For the past couple of years, I’ve been using my Thursday lunch hours to participate in the Read to a Child program. It’s for the elementary schools in the city I work in.
I have the privilege of reading to DM (not his real name). DM is a second-grader in the poorest area of the city.
It humbles me – in a big way – when I walk into that school. Most of those kids are so sweet. And yes, there are some naughty ones too.
In fact, there is usually at least one kiddo in the office area, sitting in chair, swinging his legs back and forth. Waiting to see the principal.
The teachers at DM’s school have their hands full. I’m sure there’s very little parental support for most of those students.
It’s a shame.
DM struggles with reading. In fact, today, he told me that he ‘hates’ to read.
That breaks my heart. My mission is to change his attitude about reading.
As a voracious reader (from very early on) books and reading are still at the very top of my ‘favorite things’ list.
So, when DM tells me he hates reading…you can imagine how I feel.
My heart sinks. Uggh.
But…it’s okay. Because also today, he told me that he really likes writing. And, since reading and writing go together like a horse and carriage — there’s hope.
A lot of hope!
And today was different than most days. DM was reading like never before. He reads out loud to me and he was reading and sounding-out words like a real trooper.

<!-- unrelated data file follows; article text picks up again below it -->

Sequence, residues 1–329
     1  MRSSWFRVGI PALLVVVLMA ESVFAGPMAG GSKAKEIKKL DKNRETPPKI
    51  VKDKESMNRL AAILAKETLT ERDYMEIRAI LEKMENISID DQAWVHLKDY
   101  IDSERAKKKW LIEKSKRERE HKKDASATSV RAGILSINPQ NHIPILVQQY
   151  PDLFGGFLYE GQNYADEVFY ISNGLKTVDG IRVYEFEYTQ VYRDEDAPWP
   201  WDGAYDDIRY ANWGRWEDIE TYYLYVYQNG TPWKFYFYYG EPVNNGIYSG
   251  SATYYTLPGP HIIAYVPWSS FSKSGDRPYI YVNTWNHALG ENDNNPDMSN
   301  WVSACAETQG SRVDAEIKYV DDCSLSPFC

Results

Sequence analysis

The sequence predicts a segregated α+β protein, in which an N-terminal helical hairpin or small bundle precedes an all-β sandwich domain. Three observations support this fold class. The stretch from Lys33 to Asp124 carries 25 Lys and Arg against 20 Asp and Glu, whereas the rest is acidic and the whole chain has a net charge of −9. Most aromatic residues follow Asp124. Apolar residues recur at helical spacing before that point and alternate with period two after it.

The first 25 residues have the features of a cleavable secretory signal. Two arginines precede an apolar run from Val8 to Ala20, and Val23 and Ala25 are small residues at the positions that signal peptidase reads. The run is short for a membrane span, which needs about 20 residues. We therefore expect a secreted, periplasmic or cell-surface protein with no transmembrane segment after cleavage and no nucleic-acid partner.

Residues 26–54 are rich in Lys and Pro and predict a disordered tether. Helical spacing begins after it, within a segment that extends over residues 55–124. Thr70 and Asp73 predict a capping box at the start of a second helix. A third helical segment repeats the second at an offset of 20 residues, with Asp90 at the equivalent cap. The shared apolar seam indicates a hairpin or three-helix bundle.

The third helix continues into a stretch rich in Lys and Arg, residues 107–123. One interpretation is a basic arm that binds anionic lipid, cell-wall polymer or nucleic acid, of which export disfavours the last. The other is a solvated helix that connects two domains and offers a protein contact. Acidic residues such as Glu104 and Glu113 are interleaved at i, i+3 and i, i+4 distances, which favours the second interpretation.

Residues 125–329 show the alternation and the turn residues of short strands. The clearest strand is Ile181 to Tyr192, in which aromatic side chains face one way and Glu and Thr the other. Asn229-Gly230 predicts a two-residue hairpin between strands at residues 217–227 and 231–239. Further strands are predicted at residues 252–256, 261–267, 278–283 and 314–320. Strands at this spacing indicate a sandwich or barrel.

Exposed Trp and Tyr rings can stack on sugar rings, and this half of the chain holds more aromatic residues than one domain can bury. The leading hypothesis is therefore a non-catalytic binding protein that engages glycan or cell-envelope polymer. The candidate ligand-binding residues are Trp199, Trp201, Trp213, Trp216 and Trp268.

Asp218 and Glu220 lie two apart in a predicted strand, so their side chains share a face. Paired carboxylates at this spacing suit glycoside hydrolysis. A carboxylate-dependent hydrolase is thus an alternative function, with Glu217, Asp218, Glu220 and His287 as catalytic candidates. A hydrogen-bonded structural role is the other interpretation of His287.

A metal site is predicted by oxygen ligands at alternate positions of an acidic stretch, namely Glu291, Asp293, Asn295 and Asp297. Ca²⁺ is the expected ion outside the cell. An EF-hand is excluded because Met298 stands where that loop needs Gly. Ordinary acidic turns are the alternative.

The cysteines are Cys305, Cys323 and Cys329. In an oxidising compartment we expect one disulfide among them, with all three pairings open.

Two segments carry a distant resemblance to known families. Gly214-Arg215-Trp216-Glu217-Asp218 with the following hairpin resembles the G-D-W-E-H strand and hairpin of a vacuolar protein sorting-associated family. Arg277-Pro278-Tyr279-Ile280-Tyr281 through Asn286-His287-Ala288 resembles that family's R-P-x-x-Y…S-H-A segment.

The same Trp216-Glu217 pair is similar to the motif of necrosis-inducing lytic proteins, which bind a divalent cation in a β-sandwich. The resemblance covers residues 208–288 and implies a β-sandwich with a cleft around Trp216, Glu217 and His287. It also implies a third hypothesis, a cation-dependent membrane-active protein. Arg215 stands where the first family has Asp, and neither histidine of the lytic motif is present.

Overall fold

I told him (several times) how proud I was. And how excited I was that his reading had improved dramatically since the last time we met.
Like most second-graders, DM would much rather spend the hour playing a game, or giving me a spelling test (he’s like that). But the hour is really (ahem) devoted to reading.
I caved in today and we played shop-keeper-and customer for a few minutes. We met in the resource room. It’s FULL of educational games (including big canisters of pretend money).
He handed me a wad of bills and I got to buy scissors, bottles of tempera paint (oh the memories) and pencils and pens. It was a fun few minutes.
Did you know? Two pairs of scissors cost me twenty bucks!
I guess that makes sense: playing with pretend money lets you create pretend prices for the things you’re selling.
And, let me tell you about that pretend money. It’s the most realistic fake money I’ve ever seen. So much so that I told DM I was taking some of it back to work with me to try in the vending machines.
No. I didn’t.